The “Paradise Now” artists use various media to address these issues eloquently from a wide range of perspectives, Heiferman said. “Some are in awe of the genetic revolution and others critical and concerned about profit and privacy.”

Ubel warned against becoming obsessed with headline-grabbing findings in genetics to the point of missing the larger questions of life sciences. “Do we really need to know the number of genes humans possess to see the difference between chimpanzees and ourselves?” he said. Rather, we should concentrate on more important questions of power and ethics, Ubel suggested. What are the personal implications of knowing you have a gene that doubles your risk of heart attack? How will genetic markers impact health insurance and the rationing of health care?

The public needs to become more educated so such questions won’t rest in the hands of geneticists and lawyers, said Petty, herself a specialist in genetics. During a discussion on the nature of disabilities, she emphasized the need to “respect genetic variations. They aren’t necessarily bad.”

While the “Paradise Now” artists boldly tackle these issues, the curators had difficulty engaging the larger art community, Kismaric said. Sixty-eight percent of the people who attended the New York opening of the exhibition were scientists, she said. Skeptical at first, they warmed to the works when they saw how the artists represented their ideas with authority and accuracy.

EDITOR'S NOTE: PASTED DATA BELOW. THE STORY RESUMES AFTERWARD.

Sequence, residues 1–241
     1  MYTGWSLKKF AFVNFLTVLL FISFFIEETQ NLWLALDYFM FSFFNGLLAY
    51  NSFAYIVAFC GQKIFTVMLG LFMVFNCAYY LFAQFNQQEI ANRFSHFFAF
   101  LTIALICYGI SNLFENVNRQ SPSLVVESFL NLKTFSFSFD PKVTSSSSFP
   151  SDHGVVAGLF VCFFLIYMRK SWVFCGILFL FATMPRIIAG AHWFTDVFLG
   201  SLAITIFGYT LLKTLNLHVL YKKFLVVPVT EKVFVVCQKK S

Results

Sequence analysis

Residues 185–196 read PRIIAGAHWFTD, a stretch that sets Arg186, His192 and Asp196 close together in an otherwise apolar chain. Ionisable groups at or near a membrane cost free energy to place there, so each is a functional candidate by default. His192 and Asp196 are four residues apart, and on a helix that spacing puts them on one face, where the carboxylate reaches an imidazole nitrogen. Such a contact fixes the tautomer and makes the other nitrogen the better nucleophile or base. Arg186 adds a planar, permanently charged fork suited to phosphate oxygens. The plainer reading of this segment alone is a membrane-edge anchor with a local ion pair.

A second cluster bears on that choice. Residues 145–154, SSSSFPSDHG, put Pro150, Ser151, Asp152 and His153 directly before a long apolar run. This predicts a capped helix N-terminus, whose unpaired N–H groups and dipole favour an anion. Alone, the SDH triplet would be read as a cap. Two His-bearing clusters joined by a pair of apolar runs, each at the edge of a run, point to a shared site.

The art world, on the other hand, didn’t seem to get it. “They didn’t deal with the issues or talk about artists using new language and nontraditional and traditional forms to express ideas. They just talked about the art being good or bad,” Kismaric said.

“What we’re talking about here is a process in which there can be an interdisciplinary, humanitarian-scientist exchange. I welcome you to do it as much as you can,” she added.